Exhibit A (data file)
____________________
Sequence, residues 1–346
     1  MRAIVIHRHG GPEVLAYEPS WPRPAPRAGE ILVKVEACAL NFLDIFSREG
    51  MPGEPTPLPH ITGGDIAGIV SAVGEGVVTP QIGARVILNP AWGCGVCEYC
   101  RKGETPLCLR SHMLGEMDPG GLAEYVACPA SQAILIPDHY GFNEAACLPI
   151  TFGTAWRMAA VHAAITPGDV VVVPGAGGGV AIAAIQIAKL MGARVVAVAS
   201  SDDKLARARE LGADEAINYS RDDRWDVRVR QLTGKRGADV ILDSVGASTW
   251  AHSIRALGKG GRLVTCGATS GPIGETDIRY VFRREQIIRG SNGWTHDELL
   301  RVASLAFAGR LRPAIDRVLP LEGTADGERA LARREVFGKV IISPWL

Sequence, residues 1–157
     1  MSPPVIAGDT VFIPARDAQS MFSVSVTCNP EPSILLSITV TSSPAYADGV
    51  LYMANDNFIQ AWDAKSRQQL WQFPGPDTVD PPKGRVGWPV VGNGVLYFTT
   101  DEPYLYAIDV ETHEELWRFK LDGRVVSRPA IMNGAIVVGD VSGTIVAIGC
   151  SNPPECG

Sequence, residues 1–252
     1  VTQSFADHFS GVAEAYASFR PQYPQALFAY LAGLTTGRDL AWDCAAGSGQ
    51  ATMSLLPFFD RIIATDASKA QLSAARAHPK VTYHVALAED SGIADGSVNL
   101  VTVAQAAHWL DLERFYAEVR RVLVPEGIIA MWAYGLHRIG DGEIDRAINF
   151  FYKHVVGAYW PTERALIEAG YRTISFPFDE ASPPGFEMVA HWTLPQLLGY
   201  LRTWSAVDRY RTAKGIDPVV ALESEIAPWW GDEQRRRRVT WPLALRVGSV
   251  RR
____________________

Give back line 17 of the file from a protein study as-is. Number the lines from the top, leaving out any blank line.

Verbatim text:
   101  VTVAQAAHWL DLERFYAEVR RVLVPEGIIA MWAYGLHRIG DGEIDRAINF